Monday, March 29, 2010

The Best Day EVER










Birthdays are a big event at our house. The kids look forward to their birthday all year long and as I've said in earlier posts, on your actual birthday it's "anything you want" day. You get to plan you whole day down to food choices, snacks, outfits, and what you do. Everything is an option (within reason) and the kids just love it. Alli, in particular, thinks having a birthday is the best day of the year. She has been saying "It's almost my birthday" basically since Christmas even though her birthday isn't until "Mowch twenty-fifth." For the second year in a row, her birthday fell on spring break which means the birthday celebration gets spread out over at least a week's time.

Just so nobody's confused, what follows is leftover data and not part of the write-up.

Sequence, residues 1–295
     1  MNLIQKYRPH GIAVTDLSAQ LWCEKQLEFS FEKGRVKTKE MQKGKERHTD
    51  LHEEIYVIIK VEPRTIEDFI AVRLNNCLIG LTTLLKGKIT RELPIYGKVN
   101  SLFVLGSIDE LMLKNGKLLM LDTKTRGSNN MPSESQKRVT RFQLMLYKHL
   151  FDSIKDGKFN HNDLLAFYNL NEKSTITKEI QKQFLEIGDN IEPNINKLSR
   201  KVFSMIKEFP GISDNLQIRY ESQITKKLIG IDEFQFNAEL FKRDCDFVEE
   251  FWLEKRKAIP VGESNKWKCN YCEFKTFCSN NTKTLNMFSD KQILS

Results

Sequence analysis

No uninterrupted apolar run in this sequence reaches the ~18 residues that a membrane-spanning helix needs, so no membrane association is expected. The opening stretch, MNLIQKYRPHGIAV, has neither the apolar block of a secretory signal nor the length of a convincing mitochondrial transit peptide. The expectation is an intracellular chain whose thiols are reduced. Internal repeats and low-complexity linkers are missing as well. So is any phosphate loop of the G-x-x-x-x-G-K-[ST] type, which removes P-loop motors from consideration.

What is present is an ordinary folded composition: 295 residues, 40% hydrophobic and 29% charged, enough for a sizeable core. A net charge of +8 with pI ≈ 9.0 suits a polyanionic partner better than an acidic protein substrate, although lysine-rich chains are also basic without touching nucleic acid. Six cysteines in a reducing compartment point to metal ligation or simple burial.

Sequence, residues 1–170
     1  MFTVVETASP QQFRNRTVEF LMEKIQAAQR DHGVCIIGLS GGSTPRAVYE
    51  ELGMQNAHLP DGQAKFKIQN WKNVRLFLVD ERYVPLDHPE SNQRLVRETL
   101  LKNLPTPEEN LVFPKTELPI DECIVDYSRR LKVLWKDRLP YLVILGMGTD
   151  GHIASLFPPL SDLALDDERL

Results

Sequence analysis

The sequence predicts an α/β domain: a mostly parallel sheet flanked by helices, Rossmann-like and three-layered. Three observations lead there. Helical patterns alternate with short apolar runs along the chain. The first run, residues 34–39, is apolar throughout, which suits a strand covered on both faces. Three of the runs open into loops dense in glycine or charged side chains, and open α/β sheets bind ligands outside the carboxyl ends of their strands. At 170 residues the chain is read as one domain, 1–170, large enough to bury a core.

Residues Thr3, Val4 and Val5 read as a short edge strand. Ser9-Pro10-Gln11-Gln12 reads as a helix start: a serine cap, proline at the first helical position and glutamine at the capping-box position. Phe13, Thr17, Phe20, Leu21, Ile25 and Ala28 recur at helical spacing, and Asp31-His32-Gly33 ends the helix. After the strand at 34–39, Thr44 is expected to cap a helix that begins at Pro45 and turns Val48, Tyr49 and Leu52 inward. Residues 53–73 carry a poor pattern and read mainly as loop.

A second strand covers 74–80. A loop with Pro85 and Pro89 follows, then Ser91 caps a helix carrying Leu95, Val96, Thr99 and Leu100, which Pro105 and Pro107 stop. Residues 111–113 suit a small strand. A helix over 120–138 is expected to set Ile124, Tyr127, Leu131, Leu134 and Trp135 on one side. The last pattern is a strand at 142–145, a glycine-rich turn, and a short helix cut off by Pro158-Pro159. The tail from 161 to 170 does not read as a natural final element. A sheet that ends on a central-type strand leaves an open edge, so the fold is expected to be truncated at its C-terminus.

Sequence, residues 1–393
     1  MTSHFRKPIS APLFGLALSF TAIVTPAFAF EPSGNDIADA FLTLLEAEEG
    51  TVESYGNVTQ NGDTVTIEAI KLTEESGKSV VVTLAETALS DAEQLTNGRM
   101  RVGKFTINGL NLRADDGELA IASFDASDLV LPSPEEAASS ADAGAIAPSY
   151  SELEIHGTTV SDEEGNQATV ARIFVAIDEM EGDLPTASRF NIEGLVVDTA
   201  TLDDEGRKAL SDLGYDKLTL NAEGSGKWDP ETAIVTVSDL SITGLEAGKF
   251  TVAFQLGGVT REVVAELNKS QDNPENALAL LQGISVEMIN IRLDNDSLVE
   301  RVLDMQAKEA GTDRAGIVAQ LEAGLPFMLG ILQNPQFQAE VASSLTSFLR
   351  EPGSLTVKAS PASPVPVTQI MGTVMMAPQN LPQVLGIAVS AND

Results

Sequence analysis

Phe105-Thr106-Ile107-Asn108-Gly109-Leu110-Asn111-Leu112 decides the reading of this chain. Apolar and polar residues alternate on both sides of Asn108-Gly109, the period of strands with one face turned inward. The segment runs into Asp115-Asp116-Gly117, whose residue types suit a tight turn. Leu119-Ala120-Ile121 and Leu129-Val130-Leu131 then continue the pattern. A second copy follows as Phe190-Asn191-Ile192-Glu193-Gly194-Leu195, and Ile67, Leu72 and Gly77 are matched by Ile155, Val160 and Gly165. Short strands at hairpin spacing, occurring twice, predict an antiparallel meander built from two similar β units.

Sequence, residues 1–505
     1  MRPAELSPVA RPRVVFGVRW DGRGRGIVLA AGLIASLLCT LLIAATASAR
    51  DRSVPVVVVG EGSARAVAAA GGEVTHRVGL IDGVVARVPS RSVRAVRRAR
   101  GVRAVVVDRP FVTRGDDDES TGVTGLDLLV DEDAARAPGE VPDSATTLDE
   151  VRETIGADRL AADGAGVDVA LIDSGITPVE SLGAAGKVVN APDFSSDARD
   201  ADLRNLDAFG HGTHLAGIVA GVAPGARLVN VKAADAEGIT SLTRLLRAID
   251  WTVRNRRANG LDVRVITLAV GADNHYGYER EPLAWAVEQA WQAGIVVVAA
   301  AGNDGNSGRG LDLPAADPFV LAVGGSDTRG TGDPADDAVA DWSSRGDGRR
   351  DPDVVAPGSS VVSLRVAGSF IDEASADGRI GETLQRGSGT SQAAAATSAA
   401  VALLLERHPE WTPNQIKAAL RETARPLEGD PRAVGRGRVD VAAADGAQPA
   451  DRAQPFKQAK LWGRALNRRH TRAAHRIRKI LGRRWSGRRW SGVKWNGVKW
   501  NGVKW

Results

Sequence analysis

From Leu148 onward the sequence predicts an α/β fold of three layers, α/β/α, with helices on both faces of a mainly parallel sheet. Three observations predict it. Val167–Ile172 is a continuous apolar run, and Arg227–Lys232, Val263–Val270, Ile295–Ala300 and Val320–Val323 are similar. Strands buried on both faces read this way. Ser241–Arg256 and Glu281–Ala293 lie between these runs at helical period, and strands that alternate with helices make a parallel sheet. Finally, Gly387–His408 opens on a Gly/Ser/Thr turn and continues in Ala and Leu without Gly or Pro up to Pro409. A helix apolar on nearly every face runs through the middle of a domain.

On Tuesday, March 16th, she and her friend Jenna, (by their choice) jointly celebrated their birthdays at school. We coordinated with treats and juice boxes and Paige and I enjoyed the school birthday party complete with birthday crowns, bears, certificates, and the Birthday Song with cha cha cha's. She talked about and planned the treats for weeks leading up to March 16th and at bedtime said, "It was the best day ever. In my whole life."

On Monday, March 22nd, the first day of spring break, we had Alli's kid party. Five of her friends (plus her three siblings) came over for a glorified play date. We played freeze dance and duck duck goose, made a "craft" (foam butterflies decorated with foam stickers), ate Buster Bar ice cream cake, sang Happy Birthday again with more cha cha chas, opened presents, and played in the back yard on a glorious spring day. Alli loved being the center of attention and enjoyed reliving her party through story after story for the remainder of the next few days. Being the only adult in a house full of kids, it wasn't my favorite way to spend an afternoon, but I survived with my attitude in check, which I considered a victory. At bedtime, she again told me, "Today was the best day ever. In my whole life."